Nigel Farage to stand in Clacton at the election to mixed reaction from residents

Nigel Farage has announced today (Monday) that he will stand in Clacton at the upcoming General Election. His intention to run as the area's MP has garnered mixed reaction from residents.

The party’s founder announced earlier today (June 3) that he will be contesting the Essex seat - currently held by Giles Watling, since 2017 - and is taking over from Richard Tice as party leader. As the announcement was made, the high street of the seaside town was quiet despite the mild weather.

People did not seem keen to speak about the upcoming election or about Mr Farage’s announcement, according to PA News Agency. However, Edel Ruddy, 58, who has lived in Clacton for 40 years, told the PA news agency she would “definitely” be voting for Mr Farage on July 4 as she believed “his heart was in the right place” and he would “stand up” for the local area.

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Ms Ruddy added she felt it was “unfair” that businesses in Clacton were closing down and that the town has been “forgotten”. She added: “No-one wants to fight for Clacton.”

When asked what she supported about Mr Farage’s politics, Ms Ruddy said: “I think he’s the sort of person that will try and encourage people to do what they can to make things better. It’s the fact that he wants to try, especially here in Clacton.

“Clacton is so forgotten in so many ways – it’s just utterly ridiculous and unfair.”

Sophie Cassen, 21, a catering industry worker who works and lives in Clacton, said she would not be voting in the upcoming election and that she did not know who Mr Farage is. When asked for her thoughts on the former MEP’s announcement, she said: “I don’t know who he is.

“I don’t really keep up to that sort of stuff – I don’t really pay attention to politics. I just don’t really know how to – I don’t really go on the news or anything like that.”

George Charalambous, 59, who moved to Clacton from east London around five months ago, said he thought voting for the Reform UK candidate was a “wasted vote” as Mr Farage “wouldn’t achieve much” if elected to Parliament. The former factory worker said he would be voting for Labour but would also consider voting tactically either for Reform UK or the Liberal Democrats in order to defeat the Conservative candidate.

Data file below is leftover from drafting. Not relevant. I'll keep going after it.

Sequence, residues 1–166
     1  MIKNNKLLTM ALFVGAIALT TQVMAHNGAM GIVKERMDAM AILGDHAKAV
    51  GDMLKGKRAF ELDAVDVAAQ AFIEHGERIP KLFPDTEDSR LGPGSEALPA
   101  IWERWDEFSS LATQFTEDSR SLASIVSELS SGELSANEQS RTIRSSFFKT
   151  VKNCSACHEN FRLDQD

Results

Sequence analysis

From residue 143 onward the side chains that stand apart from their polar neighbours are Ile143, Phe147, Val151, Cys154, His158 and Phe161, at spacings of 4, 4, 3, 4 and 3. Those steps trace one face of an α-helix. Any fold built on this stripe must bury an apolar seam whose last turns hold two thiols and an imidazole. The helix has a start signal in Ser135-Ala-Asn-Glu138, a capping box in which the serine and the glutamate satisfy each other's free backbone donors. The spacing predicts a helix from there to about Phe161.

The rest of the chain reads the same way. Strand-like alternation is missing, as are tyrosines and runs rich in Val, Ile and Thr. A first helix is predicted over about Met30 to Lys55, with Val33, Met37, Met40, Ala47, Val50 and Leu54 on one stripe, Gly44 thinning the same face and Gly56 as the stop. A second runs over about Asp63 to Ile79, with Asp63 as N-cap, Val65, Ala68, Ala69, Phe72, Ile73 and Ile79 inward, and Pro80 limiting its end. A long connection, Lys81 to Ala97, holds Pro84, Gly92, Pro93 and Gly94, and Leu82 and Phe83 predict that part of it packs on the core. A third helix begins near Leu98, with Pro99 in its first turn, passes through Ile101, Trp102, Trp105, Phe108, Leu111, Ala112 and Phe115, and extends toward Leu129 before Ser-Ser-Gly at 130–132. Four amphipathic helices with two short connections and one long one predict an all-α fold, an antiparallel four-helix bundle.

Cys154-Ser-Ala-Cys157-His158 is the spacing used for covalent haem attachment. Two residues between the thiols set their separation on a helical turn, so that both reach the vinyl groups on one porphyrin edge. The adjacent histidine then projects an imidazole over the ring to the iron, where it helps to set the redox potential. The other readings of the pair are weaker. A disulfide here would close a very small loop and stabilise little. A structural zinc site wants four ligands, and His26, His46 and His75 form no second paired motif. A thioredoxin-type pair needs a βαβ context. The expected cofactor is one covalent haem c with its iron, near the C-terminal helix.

When asked for his opinion on Mr Farage’s decision to contest the Essex seat, he said: “He’s not going to achieve much because we’ve done Brexit. I am a Labour supporter, so would I vote for him?

“If he was a second choice, I say yeah, I probably would. At the end of the day, it’s sort of tactics really – I mean Clacton is a Conservative area, so obviously I want someone else to win.”

Jason Matthews, 51, who works in the care industry, said he “loved” Mr Farage and welcomed the news that he would be standing in Clacton.

He said: “I just love him as a person. Given the chance, I feel like he should be leading the Conservative Party really to be honest.”

When asked whether there were any Reform UK policies in particular that he supported, Mr Matthews replied: “Not really – I just like Nigel Farage as a person.”

He added: “He’s straight down the line, honest, says it how it is. I wouldn’t vote Labour or Conservative this time around because I just don’t trust either of them.”

Mr Farage has stood – and failed – seven times to gain election as an MP. His most recent attempt took place in South Thanet, Kent, in 2015, where the then Ukip leader finished second behind the Tories, who secured a 2,812 majority.

Monday’s announcement came after Mr Farage spent several days insisting he would not be running to become an MP for the eighth time and instead would support Reform by campaigning across the country.